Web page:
2013-01-16 / Commentary

Sounding Off on Paving

Old Albany Post Road, in Garrison.Old Albany Post Road, in Garrison.

Good municipal decisions are made when all stakeholders are involved and expert counsel is welcomed. As is clearly articulated in the very first Goal of Philipstown’s Comprehensive Plan, dirt roads are an important element contributing to Philipstown’s rural and historic character and thus deserving of preservation. We believe the town board’s decision to hold a public workshop on this issue is an important step in ensuring that the ultimate solution for the town’s dirt roads respects the balance of public safety, the protection of natural resources, and the preservation of our community’s character.

—Andy Chmar, Executive Director, Hudson Highlands Land Trust

While the proposed paving has been on the table for quite sometime, we do have a meeting scheduled for 1/16 with concerned residents and Roger to discuss dirt roads in general. I’m sure the Albany Post Road paving will come up.

I’m looking forward to hearing from both sides before I take a position.

—Nancy Montgomery, Philipstown Councilwoman and Deputy Supervisor

Normally I prefer not to inject the school into discussions of Village or Town wide political issues unless they are vital to the safety and operations of the school district. For example, we took a strong position on the need for a light on Route 9 and supported the Town’s position. Our only concern for any road in the town is for the ability of our busses to safely navigate the roadways.

—Mark Villanti, Superintendent, Haldane Central School District

People are under the misconception that they’re going to wake up one morning and every road in Philipstown is going to be paved. That is not the case. I’ve lived on a dirt road for 40 years. Because I’m wearing a different hat—as a legislator, and as a town board member—I see it in a different light now. When you’re in this position the number one priority in your mind is the health and safety of your constituents.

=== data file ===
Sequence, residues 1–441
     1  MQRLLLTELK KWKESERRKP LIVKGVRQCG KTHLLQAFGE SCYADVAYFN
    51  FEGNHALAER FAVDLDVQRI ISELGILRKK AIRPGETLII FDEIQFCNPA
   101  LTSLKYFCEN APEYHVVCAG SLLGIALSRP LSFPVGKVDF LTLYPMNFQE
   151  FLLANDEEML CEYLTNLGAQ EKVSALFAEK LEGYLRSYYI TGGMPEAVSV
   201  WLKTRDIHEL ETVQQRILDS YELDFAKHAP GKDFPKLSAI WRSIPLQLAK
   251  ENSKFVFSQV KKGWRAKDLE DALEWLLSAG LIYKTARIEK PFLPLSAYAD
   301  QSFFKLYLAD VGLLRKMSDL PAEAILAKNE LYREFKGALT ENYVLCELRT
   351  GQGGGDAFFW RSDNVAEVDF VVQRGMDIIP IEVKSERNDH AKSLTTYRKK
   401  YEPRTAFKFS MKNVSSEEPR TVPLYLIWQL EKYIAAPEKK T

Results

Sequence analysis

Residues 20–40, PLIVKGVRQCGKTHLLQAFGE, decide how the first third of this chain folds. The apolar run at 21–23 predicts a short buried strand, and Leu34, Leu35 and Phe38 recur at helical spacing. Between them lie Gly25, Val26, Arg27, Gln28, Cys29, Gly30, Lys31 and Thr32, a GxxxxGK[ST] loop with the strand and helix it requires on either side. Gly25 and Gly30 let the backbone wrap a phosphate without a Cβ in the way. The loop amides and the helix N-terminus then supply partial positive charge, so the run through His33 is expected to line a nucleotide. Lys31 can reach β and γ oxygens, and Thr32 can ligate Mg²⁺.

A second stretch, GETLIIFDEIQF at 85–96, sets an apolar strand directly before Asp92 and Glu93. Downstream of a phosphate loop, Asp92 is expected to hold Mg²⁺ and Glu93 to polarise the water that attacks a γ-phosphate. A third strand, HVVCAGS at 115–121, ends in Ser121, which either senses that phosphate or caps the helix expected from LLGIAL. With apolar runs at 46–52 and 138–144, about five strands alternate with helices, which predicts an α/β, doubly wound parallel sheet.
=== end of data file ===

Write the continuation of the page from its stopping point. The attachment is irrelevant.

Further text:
On Old Albany Post Road, of course, we have to be mindful of the historic significance. When I look at my road, South Mountain Pass, every time we have a storm we lose the road and we’re stuck—emergency vehicles, ambulances cannot access it. It’s an environmental nightmare. People don’t realize that the wetlands are being affected; the streams are impacted.

The way they are treating Roger and Richard upsets me. Roger has a lifetime of knowledge. He doesn’t do this lightly. He looks at every road individually as he should and addresses the problems. And Richard as well. He has the best interests of the Town at heart.

—Barbara Scuccimarra, Putnam County Legislator and former Philipstown Councilwoman

We can no longer ignore the significant impact of dirt roads in our budget and taxes, or the ensuing environmental, safety and property ramifications. We support an open discussion where all parties have a seat to develop a comprehensive policy moving onward. COP looks forward to participating in those town wide exchanges.

—J Carlos Salcedo Spokesperson for the Citizens of Philipstown.org

I walked all these dirt roads but there were four, five, six houses, and you had hardly any traffic. You can’t go back to that time. [Today] gravel and item four ends up in all your streams, and helps to promote flooding. After Wednesday’s hearing is when I will formulate a final decision.

—Betty Budney Philipstown Councilwoman

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